☸️ Kubernetes
Node Draining

Updated at 2018-12-31 02:46

Node draining means that you evict all pods from the node. The pods are relocated to other nodes. This is usually when you want to upgrade, modify or remove a node.

# find the node you want to empty of pods
kubectl get nodes

# start the process of evicting pods
# also cordons the node so it doesn't get more pods
kubectl drain <node name>

# __AFTER__ the above command has returned, you can remove 
# the node, upgrade it or do anything you want with it

# if you want to get the node to accept pods again, use uncordon
kubectl uncordon <node name>

Draining nodes is usually better to be done with clients, not kubectl. You submit eviction create requests through the REST API.

You should usually drain only one node at a time. If you want to drain multiple nodes in parallel, you must create a PodDisruptionBudget object.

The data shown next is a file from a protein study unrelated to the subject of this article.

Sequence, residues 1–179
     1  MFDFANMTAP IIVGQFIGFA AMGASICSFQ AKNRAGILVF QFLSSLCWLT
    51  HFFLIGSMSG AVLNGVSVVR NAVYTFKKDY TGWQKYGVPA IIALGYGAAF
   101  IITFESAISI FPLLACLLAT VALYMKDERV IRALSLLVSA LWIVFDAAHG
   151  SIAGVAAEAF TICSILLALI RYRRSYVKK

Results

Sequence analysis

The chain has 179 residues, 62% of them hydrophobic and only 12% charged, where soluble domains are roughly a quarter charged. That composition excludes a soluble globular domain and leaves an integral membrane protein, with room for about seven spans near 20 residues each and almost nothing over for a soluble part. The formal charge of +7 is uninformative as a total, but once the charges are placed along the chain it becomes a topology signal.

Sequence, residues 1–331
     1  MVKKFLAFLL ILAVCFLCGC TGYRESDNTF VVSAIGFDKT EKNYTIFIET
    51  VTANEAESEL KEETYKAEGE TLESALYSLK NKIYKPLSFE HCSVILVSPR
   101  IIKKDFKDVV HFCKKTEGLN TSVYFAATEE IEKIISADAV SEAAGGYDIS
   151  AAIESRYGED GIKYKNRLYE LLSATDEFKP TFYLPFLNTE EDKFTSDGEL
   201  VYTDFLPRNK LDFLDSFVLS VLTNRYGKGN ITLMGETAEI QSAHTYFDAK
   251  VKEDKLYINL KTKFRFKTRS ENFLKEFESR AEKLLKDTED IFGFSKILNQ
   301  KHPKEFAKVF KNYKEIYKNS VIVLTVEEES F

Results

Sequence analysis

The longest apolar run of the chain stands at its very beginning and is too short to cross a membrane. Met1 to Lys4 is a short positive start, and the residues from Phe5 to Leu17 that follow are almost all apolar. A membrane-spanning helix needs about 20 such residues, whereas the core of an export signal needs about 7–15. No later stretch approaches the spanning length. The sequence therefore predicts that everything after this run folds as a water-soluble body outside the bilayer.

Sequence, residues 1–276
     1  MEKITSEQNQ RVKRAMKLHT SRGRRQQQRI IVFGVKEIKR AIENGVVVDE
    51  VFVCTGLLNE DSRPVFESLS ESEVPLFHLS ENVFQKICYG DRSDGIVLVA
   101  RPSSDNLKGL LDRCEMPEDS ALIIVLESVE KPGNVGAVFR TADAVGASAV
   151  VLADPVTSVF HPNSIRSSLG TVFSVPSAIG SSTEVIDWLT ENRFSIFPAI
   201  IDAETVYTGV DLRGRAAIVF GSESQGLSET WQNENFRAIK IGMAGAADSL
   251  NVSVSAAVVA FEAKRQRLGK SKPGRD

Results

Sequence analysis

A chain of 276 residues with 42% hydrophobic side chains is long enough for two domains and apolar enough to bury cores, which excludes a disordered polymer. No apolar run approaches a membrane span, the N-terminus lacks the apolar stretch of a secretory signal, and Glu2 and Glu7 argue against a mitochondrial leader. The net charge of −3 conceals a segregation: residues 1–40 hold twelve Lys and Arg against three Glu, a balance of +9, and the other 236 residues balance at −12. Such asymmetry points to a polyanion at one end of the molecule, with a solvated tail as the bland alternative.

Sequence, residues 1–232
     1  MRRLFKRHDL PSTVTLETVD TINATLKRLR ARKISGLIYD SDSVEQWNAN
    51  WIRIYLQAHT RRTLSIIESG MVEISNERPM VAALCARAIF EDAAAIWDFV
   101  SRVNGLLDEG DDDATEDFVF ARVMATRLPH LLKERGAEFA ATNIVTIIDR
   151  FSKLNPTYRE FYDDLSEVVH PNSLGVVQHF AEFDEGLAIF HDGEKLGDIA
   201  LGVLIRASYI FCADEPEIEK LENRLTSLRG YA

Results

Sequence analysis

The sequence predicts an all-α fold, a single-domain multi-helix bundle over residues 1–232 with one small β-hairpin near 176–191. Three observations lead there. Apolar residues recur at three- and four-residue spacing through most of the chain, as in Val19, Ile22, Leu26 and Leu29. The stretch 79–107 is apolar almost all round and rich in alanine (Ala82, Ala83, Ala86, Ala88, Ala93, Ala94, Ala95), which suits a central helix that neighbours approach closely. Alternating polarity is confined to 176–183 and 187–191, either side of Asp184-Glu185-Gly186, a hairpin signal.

PodDisruptionBudget (PDB) is application specific. PDB limits the number pods of a replicated application that are simultaneously down from voluntary disruptions. Cluster managers honor PDB automatically if they use evictions instead of manually deleting pods.

Deployment.spec.replicas: 5
# so the application should have 5 replicated pods online at all times,
# but PDB of 4 would allow voluntary disruptions to bring this down to 4

Disruption budget cannot prevent involuntary disruptions like hardware failure. But disruption budget does count those against the budget.

Disruption budget allows separating cluster owner and app owner roles. Useful if multiple teams are using the same cluster.